Originally from Washington, Josie is a second year criminology, law, and society major seeking a literary journalism minor. She plans on attending law school to become a criminal defense attorney. In her free time, she skis with UCI’s Ski and Snowboard club and enjoys playing guitar, reading, and being outside in nature.

Corbin Li

Corbin is a first-generation college student studying Civil Engineering at UC Irvine. Growing up in California, they fell in love alongside Pacific air, late night guitar, and bonfires at the beach. Corbin’s passions lie in the intersection between engineering, art, and society, and they look forward to further exploring these topics in future years.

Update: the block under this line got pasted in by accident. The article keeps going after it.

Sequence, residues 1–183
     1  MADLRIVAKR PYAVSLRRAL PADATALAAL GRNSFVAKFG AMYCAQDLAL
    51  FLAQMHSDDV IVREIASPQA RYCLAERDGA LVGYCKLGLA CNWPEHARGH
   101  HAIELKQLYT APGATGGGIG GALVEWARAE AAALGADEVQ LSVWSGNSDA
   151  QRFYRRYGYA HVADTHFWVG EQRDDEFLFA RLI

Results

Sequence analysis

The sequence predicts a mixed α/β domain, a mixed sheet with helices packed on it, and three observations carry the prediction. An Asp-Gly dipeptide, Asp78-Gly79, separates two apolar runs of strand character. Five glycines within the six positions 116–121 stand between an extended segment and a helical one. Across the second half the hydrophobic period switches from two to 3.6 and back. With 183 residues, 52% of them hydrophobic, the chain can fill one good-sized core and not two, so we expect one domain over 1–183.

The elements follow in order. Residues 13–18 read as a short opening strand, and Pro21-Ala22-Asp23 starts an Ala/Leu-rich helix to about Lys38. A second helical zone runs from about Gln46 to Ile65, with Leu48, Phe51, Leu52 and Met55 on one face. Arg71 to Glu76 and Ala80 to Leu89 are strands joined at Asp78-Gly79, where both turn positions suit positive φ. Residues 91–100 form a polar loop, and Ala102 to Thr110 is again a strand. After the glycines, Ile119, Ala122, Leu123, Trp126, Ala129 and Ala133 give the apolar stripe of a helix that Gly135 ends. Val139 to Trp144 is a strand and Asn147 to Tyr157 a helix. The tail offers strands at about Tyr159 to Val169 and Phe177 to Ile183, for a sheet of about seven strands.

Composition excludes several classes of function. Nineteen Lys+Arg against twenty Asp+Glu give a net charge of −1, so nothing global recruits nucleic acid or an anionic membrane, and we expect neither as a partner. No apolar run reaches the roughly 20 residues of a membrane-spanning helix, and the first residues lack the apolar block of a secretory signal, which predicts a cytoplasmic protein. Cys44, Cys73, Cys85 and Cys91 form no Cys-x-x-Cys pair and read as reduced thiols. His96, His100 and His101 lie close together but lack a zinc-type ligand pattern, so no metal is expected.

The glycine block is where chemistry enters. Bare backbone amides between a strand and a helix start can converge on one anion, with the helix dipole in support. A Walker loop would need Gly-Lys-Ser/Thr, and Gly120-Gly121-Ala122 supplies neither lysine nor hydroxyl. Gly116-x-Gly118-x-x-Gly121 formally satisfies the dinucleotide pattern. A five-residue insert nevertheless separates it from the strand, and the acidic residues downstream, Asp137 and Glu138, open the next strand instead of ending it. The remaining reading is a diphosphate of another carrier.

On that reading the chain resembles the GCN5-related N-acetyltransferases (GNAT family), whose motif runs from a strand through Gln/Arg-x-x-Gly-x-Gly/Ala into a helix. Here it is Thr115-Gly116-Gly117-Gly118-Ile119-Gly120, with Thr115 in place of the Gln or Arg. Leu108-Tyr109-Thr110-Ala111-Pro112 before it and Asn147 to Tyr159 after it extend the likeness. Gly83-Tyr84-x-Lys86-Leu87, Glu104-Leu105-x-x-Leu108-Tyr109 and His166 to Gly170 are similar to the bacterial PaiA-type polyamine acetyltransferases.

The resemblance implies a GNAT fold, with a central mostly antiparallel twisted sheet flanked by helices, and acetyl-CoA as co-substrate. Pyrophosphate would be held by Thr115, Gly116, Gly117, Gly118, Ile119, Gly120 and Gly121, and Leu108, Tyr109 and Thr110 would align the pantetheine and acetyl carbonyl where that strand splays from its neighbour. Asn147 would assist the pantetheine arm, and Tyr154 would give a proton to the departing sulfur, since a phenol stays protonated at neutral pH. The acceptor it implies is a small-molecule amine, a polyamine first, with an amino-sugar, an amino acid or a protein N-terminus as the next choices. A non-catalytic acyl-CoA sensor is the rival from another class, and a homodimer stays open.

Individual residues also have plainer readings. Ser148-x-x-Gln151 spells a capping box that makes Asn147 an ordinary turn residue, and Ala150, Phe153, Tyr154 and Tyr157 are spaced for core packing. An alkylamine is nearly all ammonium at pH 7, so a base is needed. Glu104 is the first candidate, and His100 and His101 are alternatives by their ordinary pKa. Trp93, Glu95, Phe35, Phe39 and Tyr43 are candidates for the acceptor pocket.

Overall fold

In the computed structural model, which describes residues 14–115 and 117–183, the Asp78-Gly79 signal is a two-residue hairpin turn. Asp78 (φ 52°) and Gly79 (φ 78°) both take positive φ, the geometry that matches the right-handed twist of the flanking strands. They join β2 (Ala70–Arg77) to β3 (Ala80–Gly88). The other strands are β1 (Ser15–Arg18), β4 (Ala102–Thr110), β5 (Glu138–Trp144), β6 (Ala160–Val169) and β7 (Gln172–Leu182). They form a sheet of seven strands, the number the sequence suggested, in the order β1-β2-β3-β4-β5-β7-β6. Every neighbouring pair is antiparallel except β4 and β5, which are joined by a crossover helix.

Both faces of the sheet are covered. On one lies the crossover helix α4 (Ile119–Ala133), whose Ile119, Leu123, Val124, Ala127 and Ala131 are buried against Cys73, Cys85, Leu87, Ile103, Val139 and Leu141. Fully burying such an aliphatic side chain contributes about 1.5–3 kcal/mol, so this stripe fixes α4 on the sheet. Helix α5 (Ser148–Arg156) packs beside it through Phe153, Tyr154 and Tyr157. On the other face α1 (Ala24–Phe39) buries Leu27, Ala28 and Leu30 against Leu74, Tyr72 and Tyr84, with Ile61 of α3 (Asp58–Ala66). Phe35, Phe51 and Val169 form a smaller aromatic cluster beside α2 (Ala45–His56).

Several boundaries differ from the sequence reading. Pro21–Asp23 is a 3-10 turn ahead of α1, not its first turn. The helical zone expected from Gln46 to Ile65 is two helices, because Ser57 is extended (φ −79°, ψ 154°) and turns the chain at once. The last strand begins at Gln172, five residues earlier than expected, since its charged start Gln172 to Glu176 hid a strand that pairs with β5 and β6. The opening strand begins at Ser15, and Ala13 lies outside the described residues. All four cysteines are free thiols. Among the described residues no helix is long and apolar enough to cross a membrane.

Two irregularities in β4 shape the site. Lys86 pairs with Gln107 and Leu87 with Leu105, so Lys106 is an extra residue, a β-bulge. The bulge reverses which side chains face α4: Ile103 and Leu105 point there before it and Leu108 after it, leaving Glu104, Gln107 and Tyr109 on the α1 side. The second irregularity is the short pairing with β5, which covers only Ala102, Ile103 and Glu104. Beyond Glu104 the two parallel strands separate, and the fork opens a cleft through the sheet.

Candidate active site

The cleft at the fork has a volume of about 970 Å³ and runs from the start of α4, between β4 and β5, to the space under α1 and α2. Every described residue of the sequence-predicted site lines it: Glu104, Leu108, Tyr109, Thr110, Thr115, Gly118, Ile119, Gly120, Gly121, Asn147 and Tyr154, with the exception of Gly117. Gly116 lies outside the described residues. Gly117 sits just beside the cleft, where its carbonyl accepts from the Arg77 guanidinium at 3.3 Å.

Erik Perez

First and foremost my name is Erik Perez and I am 20 years young. I am an artistic expressionist and Chicano artist. I’m from Southern California where we dream big and plant seeds for the world to flourish.

Francisco Vazquez

My name is Francisco Vazquez and I am 20 years old from the city of Santa Ana–that’s the place I call home. I’ve been in and out of the Orange County Juvenile Hall since the age of 14. I’m on my way to prison and I’m in a different mindset than the one I had 2 years ago when I first got here. In here I like to read, draw, and work out. I got a hidden talent which is to sing and I would like to pursue that upon release. I attend college here and I try to be a role model for my peers. In the future I hope to give back to my community, which I used to terrorize at some point.

Helen Barahona